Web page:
A vessel is said to be moored when it is fastened to a fixed object such as a pier, the seabed, or to a floating object such as an anchor buoy. Mooring is often accomplished using thick ropes called mooring lines. The lines are fixed to deck fittings on the vessel at one end, and fittings on the shore, such as bollards, rings, or cleats, on the other end.
Mooring by permanent anchor can be accomplished by use of a permanent mooring anchor at the bottom of a waterway with a rode (a line, cable, or chain) running to a float on the surface. This allows a person on the vessel to connect to the anchor.
While many mooring buoys are privately owned, some are available for public use. Always check before tying to any mooring buoy.
Mooring Anchor to a shore fixture
A vessel can be made fast to any variety of shore fixtures from trees and rocks to specially constructed areas such as piers and quays. The word pier is used in the following explanation in a generic sense.
Mooring requires cooperation between people on the pier and on a vessel. For larger vessels, heavy mooring lines are often passed to the people on the shore by use of smaller, weighted heaving lines. Once the mooring line is attached to the bollard, it is pulled tight. On large ships, this tightening can be accomplished with the help of heavy machinery called mooring winches or capstans.
For the heaviest cargo ships, more than a dozen mooring lines can be required. Sailboats generally take 4 to 6 mooring lines.
Mooring lines are usually made out of synthetic materials such as nylon. Nylon is easy to work with and lasts for years, but has a property of very great elasticity. This elasticity has its advantages and disadvantages. The main advantage is that during an event, such as a high wind or the close passing of another ship, excess stress can be spread among several lines. On the other hand, if a highly-stressed nylon line does break, or part, it causes a very dangerous phenomenon called "snapback" which can cause fatal injuries. Mooring lines made from materials such as Dyneema and Kevlar are much safer to use, but the lines do not float on the water, and tend to sink, are costly, so they are used less frequently. Manila rope is preferred.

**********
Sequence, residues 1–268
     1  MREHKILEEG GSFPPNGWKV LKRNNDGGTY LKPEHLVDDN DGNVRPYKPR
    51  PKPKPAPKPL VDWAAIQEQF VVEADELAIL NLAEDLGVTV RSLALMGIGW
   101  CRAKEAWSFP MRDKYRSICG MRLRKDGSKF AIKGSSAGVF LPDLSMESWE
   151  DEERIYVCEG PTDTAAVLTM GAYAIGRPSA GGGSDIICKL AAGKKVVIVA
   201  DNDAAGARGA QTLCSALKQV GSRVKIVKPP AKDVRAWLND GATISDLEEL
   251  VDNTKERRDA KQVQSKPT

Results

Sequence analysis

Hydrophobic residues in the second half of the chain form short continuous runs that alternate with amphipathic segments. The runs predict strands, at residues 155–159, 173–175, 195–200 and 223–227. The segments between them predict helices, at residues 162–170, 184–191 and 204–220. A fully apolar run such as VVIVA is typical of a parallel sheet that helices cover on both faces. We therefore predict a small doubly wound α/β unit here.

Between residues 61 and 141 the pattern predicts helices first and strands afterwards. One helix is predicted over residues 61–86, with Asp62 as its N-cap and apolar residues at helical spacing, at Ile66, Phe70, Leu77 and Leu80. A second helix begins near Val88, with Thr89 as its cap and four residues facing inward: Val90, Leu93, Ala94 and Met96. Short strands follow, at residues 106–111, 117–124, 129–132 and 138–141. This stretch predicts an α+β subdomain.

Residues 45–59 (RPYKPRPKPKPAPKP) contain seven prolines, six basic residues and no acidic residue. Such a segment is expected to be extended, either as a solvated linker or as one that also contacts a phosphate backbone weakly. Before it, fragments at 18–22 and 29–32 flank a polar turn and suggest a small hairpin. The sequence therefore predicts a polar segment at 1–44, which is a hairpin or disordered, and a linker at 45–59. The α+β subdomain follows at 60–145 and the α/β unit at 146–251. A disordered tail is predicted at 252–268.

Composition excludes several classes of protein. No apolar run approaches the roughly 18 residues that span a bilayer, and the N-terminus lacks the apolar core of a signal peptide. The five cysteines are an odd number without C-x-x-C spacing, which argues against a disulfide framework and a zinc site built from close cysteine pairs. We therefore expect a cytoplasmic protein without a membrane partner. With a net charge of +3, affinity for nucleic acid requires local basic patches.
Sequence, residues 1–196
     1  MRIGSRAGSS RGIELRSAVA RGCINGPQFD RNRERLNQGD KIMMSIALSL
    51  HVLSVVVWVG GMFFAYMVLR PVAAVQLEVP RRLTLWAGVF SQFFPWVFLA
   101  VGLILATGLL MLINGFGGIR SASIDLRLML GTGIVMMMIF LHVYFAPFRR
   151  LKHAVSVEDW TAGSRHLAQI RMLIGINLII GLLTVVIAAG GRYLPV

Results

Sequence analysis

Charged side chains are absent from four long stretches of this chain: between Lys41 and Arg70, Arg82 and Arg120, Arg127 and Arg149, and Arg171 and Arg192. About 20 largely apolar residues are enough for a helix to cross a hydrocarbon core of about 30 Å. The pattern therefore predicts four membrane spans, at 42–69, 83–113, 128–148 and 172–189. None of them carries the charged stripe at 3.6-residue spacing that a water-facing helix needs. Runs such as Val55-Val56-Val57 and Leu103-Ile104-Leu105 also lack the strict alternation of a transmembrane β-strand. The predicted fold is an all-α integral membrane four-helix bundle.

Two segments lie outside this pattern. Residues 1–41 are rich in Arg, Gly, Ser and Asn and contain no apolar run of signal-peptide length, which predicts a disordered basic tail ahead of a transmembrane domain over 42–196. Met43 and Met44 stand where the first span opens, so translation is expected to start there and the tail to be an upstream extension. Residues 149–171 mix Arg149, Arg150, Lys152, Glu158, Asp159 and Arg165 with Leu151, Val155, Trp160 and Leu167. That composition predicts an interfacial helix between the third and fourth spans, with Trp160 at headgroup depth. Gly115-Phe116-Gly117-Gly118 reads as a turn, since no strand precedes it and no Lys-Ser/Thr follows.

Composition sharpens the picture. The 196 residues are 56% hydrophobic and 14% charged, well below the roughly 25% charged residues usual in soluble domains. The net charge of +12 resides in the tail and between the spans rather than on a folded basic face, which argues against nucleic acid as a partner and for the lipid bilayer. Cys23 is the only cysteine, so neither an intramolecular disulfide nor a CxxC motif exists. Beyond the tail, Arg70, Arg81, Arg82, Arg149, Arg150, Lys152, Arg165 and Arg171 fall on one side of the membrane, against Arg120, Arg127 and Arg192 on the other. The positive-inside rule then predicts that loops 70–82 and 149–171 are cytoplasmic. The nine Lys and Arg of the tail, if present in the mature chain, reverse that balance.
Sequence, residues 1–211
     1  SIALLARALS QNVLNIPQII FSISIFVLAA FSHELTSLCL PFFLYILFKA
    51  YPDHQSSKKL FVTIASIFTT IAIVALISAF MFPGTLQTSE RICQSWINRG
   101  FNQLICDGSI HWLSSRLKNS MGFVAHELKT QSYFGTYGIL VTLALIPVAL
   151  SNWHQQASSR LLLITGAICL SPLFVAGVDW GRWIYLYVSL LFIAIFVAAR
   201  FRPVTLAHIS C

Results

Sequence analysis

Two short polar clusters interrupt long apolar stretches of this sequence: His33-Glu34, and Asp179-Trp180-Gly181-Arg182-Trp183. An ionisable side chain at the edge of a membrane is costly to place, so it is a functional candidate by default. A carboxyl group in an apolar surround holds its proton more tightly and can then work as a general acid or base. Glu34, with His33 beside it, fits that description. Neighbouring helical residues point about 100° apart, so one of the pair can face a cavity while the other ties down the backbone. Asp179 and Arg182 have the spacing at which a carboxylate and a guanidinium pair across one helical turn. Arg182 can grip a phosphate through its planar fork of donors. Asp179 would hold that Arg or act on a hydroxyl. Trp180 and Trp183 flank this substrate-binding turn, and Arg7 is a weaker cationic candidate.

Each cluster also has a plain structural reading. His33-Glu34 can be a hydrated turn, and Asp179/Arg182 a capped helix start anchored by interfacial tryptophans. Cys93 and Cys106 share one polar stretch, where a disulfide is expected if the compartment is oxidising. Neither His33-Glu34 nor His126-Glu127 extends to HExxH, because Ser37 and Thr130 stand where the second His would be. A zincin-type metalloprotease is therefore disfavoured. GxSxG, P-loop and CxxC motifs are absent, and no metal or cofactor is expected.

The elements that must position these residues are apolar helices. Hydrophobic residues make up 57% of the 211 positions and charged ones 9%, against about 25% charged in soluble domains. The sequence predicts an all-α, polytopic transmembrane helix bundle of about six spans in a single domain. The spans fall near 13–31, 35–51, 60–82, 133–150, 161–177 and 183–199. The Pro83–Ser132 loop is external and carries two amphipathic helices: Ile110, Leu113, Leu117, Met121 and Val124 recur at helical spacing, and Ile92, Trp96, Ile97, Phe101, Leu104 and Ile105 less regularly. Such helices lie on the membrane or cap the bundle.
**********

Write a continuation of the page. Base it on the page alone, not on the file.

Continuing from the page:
Some ships use wire rope for one or more of their mooring lines. Wire rope is hard to handle and maintain. There is also a risk of using wire rope on a ship's stern in the vicinity of its propeller.
Combination mooring lines made of both wire rope and synthetic line can also be used. This results in a hawser. This is more elastic and easier to handle than a wire rope, but not as elastic as a pure synthetic line. Special safety precautions must be followed when constructing a combination mooring line.
Permanent Mooring Anchor
There are four basic types of permanent mooring anchors; dead weight, mushroom, screw in, and triple anchor. These mooring anchors are used instead of temporary anchors because they have considerably more holding power, cause less damage to the marine environment, and are convenient. They are also commonly used to hold dock floats in place.
Example: On the Great Barrier Reef off the Australian coast, a vast number of public mooring anchors are set out in popular areas where boats can moor. This is to avoid the massive damage that would be caused by many vessels anchoring in close proximity without mooring anchors.
A Dead weight mooring anchor is the simplest kind of mooring anchor. They are generally made as a large concrete block with a rode attached which resists movement with sheer weight; and, to a small degree, by settling into the substrate. The advantages are that such mooring anchors are simple and cheap. A dead weight mooring anchor that drags in a storm still holds well in its new position. Such mooring anchors are better suited to rocky bottoms where other mooring anchor systems do not hold well. The disadvantages are that they are heavy, bulky, and awkward.
Mushroom mooring anchors are the most conventional mooring anchors for mud and silt substrate. They are shaped like an upside down mushroom which can bury itself in these materials quite readily. The advantage is that it has up to ten times the holding power to weight ratio as compared to a dead weight mooring anchor. The disadvantage is that they're more expensive than dead weight mooring anchors, doesn’t hold well on rocky or pebbly substrates and they take time to settle in before reaching full holding capacity.
Screw in mooring anchors are a modern method. The screw in mooring anchor is a shaft with wide blades spiraling around it so that it can be screwed into the substrate. The advantages of a screw in mooring anchor are a high holding power to weight ratio. An additional consideration is size. Screw in mooring anchors are so small that they are relatively cheap. The disadvantage is that a diver is usually needed to install, inspect, and maintain these mooring anchors
Multiple mooring anchor systems use two or more (often three) light weight temporary style anchors set in an equilateral arrangement and all chained to a common center from which a conventional rode extends to a mooring buoy. The advantages of a multiple mooring anchor are minimized mass, ease of deployment, high holding power to weight ratio, and ease of access to the required mooring anchor components because temporary style anchors are commonly available.
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